Stories About the Saints of New Mexico with Pictures to Color
Saints and the Santero
Saints were an active part of the lives of settlers in the isolated villages of Northern New Mexico. Since the road to their new settlement had been long and arduous, they arrived hungry and tired, carrying only those items which had survived the journey. They formed small communities of friends and family and relied on their skills and ingenuity in order to build and furnish their homes. In many instances it would have been difficult, if not impossible, to bring more than the bare necessities with them, so their newly established homes and churches lacked decoration and ornamentation.
To solve the problem, a folk art which originated in the mid to late 1700s in Northern New Mexico is the art of the Santero. He was a painter and carver of images of saints and his craft evolved primarily because of this lack of religious ornamentation for homes and more particularly for churches. The Santero painted images of saints on pine panels called “retablos” and carved images in the round called “bultos.” Because religion played a large part in their daily lives, every home had its patron saint, an image made by the Santero. Deeply devout, many families had an area set aside in the home where private worship could be conducted. Wealthier families built private chapels which were adorned with altar screens, santos and other decorative elements such as hand-embroidered altar cloths and tin candleholders.
The Santero was usually paid for his work by trade for food or livestock. It was not unusual for him to receive several chickens in payment for a retablo or bulto of the family’s patron saint. Although the Santero was familiar with panels made in his homeland that were painted in oils and were a highly sophisticated art, he did not have access to these supplies and had to devise a method by which the ornamentation could be accomplished. He took a pine log and split it into various panels. He then evened out the front and back of each panel with a hand adze and sanded the front of it to provide a smooth painting surface. He then crushed baked gypsum rocks which were ground into a fine powder, mixed with water and a glue made from rabbit skins and animal hooves. The cooked mixture was then applied to the front of the pine panel and when dry, sanded smooth. The Santero was now ready to paint an image of a saint, either by using a light pencil sketch or painting free-hand. Since it was unlikely that he had brought many paints with him, once again he had to rely on his ingenuity to create a palette of colors with which to paint. It is of interest to note that by this time the pueblo Indians had been using earthen pigments to decorate their clay pots and wooden kachinas, and this might have influenced the Santero. He gathered clay to make yellow ochres and reds; azure from the nearby pueblos and the imported indigo to use as blues; sumach berries for bright reds, and blacks were made from lampblack and charcoal. Many colors were adapted from pigments utilized by local weavers, dyes made from chamisa plants, apple barks and onion skins. Dried cochineal bugs from Mexico were crushed and used in combination with other pigments. The images were painted with brushes made from yucca fibers, animal hair or chicken feathers, or whatever else might have been available.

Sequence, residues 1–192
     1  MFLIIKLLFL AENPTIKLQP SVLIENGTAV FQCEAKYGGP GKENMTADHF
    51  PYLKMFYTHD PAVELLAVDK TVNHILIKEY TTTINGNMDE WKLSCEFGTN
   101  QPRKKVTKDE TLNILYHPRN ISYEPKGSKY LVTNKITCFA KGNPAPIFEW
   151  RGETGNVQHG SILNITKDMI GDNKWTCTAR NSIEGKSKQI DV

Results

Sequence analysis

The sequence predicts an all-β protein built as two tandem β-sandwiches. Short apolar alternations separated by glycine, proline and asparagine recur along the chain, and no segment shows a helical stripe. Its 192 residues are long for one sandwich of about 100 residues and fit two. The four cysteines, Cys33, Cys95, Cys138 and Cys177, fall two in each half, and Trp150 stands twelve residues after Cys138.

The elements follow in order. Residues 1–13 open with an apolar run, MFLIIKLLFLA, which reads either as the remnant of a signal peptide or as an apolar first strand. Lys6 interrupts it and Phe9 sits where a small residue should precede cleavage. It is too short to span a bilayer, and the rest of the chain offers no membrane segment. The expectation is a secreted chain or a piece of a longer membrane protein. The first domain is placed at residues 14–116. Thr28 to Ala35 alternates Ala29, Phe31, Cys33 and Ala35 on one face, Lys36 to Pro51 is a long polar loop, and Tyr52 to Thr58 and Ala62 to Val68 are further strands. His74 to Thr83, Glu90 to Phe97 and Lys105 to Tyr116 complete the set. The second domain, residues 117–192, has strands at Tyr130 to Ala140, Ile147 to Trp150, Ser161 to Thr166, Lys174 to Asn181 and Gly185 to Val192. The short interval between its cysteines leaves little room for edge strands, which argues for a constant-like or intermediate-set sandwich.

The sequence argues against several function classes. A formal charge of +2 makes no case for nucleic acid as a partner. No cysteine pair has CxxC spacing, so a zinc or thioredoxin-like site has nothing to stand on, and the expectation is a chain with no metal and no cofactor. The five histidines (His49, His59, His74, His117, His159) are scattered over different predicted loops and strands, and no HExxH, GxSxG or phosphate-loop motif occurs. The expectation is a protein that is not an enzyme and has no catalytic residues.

In creating a bulto, the image was generally carved from cottonwood roots and branches. Larger pieces were usually carved from pine or other available wood. The parts for the figures were carved separately – head, arms and hands were later attached to the carved torso of the saint, using dowels fashioned from wood slivers and pressed together with animal glue. After sanding, the piece was gessoed and painted in much the same fashion as the retablo. The figure was then attached to a base made from a hand adzed pine panel and coated with a varnish made from pine pitch. Its attributes (crosses, swords, hats, etc.) were added and the piece was then complete.
The more proficient of the Santeros were commissioned to paint and construct large altar screens called “reredos”. These panels were painted in the same manner as the smaller retablos. In some instances, oil paintings were subsituted for the painted panels in these screens. The vertical and horizontal beams surrounding the panels or paintings were then decorated in floral or leafy designs. Many fine examples of these large altar screens built in the eighteenth and nineteenth centuries still exist in major churches in Northern New Mexico at Chimayo, Santa Cruz, Cordova, Truchas, Trampas and Ranchos de Taos, and in Santa Fe at San Miguel Church.
The art of the Santero flourished until well into the mid-1800s, after which time traders and merchants brought commercially produced plaster of Paris statues and religious prints to the area, slowly diminishing the need for the craft of the Santero. French priests introduced to this area in the 1860s found the art to be distasteful and primitive. The Santero’s craft was barely visible by the turn of the 20th century and completely disappeared shortly thereafter until its revival with WPA programs in the 1930s and later through the efforts of the Spanish Colonial Arts Society beginning in the 1950s and continuing to date. Contemporary saint makers now use various modern methods to create this age-old folk art.
—Marie Romero Cash
Santa Fe, 2008